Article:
Canada's Postal Strike
Today marked the official end of the 7th Canada Post strike in the past 30 years. The Canadian Union of Postal Workers (“CUPW”) has come up on the short end of the stick, having taken on a new majority Conservative government and a public that has become disheartened, to say the least, with “cushy” government union jobs and pensions. CUPW workers are actually getting less than what management originally offered!
But what is more interesting than “who won or lost”, is the big picture issue of the role of Canada Post in our daily lives and the pending shift in our fiscal situation.
On the former, monopolies are generally wonderful investment opportunities. These companies can dictate price with little concern for efficiency or productivity. However, once competition enters the game, it is a different story. The internet is the competition - in fact, it is so pervasive in my life that I barely noticed not getting the mail! According to the Globe & Mail, the average number of pieces of mail has actually fallen 26% from 2006 levels. Ironically, the strike will actually encourage even more businesses (especially small businesses) to go online to facilitate billing and collection, advertising and promotion, etc. For Canada Post, as demand is falling, management does what it can to stay competitive – better technology, outsourcing, new work patterns etc. But it will be all for nothing – this is a terminal business and one the government should actually be trying to sell as soon as possible.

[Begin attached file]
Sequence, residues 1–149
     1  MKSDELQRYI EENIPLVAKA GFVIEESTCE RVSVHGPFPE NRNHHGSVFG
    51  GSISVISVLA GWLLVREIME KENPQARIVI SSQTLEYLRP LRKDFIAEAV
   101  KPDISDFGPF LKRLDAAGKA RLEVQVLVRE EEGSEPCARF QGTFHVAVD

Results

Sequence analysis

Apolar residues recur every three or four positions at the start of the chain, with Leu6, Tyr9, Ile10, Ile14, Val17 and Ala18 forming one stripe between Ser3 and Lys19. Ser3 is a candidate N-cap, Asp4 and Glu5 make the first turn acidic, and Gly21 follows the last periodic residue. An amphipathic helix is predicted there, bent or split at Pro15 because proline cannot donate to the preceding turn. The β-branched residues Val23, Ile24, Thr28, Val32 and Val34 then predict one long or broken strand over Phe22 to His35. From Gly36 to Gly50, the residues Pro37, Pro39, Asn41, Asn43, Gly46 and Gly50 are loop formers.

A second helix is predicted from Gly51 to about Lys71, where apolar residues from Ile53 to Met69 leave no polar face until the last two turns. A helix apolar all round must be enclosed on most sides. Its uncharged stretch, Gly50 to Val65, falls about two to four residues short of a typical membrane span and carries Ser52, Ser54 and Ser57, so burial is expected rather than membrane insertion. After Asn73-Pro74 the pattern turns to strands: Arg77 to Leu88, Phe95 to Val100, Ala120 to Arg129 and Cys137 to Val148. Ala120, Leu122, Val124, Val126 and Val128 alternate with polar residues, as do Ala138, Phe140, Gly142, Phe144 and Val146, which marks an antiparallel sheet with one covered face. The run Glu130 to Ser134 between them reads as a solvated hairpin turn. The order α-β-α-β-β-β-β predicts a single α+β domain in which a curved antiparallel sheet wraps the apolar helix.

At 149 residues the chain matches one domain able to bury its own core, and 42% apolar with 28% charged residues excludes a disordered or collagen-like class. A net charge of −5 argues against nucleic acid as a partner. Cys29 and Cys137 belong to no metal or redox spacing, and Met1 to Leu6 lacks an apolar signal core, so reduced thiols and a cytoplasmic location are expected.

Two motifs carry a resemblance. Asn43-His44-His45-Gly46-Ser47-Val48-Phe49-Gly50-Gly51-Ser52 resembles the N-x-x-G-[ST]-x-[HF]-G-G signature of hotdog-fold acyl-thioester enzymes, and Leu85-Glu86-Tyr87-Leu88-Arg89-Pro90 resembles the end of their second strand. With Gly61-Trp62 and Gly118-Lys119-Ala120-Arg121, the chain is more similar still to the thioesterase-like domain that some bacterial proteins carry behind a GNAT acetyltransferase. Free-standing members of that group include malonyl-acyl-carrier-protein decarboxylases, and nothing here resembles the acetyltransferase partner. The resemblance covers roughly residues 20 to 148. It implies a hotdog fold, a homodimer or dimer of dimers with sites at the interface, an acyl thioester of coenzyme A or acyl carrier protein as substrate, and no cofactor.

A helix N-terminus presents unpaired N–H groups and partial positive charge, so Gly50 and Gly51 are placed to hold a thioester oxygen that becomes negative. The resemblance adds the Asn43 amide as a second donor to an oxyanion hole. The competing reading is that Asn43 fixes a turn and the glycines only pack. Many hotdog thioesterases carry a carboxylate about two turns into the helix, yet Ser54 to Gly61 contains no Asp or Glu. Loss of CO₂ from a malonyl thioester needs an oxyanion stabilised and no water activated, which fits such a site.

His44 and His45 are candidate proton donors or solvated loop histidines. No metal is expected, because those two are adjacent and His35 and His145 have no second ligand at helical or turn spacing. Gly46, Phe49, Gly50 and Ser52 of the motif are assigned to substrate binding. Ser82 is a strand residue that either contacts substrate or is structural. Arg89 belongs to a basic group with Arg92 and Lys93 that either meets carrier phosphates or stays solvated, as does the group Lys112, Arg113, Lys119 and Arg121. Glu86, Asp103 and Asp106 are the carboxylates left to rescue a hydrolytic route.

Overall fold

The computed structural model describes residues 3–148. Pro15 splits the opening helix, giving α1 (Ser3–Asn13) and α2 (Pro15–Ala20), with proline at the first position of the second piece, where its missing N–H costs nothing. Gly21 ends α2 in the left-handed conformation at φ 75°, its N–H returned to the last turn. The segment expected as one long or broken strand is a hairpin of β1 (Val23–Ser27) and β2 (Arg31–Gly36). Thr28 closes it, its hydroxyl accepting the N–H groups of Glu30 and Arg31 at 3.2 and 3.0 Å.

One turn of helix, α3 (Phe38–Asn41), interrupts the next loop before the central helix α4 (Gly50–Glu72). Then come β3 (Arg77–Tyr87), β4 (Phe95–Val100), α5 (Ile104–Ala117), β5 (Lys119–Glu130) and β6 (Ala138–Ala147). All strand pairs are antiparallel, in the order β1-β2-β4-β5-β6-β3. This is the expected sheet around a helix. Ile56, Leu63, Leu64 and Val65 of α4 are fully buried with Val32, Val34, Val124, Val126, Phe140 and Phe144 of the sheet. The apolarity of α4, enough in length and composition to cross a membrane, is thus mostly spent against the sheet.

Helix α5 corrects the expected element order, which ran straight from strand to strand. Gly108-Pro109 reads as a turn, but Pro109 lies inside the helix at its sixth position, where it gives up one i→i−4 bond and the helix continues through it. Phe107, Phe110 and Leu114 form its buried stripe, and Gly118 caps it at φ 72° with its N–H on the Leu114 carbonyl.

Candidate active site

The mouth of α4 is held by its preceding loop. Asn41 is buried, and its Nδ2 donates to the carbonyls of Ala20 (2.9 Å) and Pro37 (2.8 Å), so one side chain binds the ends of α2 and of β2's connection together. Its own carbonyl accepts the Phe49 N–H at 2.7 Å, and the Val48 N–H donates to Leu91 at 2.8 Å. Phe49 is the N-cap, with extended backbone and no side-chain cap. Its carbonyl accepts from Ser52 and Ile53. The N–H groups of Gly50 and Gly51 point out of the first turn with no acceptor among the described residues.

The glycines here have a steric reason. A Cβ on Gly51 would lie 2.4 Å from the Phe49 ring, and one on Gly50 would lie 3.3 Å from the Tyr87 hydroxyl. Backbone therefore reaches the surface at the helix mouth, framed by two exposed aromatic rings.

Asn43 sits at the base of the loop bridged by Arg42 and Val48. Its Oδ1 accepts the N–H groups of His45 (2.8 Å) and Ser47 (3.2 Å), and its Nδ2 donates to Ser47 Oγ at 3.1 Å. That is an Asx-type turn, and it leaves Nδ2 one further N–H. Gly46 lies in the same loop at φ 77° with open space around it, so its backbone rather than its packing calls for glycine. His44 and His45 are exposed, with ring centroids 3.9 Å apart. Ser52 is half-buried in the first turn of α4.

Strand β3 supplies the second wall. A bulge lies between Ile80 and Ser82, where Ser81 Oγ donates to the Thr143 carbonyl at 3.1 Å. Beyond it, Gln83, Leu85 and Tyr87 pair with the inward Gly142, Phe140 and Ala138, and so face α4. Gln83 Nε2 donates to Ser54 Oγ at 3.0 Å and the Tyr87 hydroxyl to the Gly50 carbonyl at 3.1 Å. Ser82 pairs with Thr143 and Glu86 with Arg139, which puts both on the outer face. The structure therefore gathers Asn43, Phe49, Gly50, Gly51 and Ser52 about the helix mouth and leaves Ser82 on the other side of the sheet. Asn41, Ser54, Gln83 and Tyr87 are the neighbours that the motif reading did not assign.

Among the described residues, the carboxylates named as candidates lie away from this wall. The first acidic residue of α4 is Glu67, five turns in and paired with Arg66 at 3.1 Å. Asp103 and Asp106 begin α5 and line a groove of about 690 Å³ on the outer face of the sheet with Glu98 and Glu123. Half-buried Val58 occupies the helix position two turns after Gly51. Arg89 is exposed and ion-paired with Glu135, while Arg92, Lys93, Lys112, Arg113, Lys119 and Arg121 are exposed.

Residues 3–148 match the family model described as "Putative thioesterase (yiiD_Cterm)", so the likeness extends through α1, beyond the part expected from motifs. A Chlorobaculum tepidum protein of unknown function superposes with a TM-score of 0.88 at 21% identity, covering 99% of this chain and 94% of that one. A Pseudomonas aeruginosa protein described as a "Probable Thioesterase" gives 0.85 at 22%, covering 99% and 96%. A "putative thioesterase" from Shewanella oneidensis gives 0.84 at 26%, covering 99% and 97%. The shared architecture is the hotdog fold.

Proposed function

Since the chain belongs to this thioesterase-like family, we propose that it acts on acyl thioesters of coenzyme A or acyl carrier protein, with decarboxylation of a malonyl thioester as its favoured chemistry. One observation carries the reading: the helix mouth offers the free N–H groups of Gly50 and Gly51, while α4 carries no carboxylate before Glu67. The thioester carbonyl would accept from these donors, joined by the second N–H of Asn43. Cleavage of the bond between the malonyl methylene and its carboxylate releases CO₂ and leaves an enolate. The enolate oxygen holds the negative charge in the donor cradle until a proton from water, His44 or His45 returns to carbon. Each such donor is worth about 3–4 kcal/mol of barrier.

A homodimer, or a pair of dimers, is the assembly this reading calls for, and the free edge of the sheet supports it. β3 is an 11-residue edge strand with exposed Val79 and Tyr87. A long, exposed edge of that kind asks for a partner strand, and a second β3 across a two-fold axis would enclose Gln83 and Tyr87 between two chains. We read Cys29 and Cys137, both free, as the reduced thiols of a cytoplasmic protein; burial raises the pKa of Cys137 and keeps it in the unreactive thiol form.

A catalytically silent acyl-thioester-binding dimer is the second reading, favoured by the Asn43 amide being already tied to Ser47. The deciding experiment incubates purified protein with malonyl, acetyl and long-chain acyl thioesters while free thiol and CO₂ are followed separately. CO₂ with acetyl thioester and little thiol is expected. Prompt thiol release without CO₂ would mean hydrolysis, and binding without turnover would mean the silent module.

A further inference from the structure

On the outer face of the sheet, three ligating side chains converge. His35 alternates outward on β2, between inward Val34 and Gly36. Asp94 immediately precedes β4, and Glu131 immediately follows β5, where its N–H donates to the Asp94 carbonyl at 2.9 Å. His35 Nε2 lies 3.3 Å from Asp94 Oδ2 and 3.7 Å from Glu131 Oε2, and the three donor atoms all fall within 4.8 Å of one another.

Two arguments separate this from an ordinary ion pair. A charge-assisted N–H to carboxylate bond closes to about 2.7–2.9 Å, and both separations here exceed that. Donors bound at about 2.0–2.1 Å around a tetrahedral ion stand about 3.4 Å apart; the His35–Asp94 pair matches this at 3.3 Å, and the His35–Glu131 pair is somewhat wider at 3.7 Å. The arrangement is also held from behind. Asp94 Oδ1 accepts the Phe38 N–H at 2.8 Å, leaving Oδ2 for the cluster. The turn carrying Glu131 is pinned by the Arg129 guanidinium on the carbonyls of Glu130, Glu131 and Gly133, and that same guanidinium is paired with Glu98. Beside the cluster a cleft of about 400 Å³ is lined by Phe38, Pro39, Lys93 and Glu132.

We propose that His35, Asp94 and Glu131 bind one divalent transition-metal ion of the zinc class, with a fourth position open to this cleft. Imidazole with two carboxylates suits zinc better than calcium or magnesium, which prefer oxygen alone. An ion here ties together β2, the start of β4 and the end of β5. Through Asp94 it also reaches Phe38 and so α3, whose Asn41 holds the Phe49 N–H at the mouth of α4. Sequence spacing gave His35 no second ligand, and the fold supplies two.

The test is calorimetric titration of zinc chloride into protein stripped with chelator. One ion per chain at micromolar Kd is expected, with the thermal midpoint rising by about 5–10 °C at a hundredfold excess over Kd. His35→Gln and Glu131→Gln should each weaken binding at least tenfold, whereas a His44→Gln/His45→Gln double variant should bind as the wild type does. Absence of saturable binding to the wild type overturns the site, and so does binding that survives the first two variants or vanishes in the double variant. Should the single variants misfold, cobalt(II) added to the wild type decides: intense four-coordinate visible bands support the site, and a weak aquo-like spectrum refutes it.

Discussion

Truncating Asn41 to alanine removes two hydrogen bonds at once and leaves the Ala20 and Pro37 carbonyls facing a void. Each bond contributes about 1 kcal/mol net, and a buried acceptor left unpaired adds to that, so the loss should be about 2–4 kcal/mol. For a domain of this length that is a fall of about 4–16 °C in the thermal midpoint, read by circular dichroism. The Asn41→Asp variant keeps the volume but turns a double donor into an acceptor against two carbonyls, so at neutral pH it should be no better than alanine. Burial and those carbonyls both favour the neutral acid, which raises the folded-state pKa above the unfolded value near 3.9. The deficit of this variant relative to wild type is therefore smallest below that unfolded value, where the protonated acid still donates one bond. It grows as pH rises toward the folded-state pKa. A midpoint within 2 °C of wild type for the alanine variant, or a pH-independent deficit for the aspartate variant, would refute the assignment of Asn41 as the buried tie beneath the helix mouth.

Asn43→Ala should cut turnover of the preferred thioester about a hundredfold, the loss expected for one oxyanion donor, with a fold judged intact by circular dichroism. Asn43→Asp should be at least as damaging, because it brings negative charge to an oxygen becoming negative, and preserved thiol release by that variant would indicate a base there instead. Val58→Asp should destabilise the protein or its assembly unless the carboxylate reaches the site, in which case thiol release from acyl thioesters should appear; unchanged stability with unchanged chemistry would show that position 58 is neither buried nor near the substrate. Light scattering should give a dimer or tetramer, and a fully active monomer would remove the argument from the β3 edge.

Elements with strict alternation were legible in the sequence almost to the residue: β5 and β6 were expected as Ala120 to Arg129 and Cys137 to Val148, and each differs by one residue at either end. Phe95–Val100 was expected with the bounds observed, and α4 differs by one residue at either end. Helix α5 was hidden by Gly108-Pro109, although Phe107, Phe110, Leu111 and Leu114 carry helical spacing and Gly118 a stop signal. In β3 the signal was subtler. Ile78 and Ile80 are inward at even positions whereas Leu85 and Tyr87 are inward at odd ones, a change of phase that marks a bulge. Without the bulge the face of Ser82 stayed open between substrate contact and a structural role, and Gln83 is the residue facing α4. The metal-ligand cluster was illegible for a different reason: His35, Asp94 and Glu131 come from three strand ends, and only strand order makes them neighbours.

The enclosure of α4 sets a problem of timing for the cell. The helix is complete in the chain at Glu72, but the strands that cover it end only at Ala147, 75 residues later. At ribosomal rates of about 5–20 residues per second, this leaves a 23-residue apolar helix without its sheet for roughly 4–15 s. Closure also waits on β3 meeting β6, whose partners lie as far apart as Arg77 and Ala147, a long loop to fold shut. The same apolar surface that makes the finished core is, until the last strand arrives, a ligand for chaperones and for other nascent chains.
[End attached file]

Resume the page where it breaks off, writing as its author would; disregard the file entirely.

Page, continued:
On the fiscal side, there is no question that our taxes will have to go up in one way, shape or form. There will be tremendous pressure on government unions to curb wage growth, relax benefits and reshape pension programs to be more in line with the private sector. This will have broad public support particularly if unemployment remains high for the foreseeable future. If I could “short” public sector unions, I would!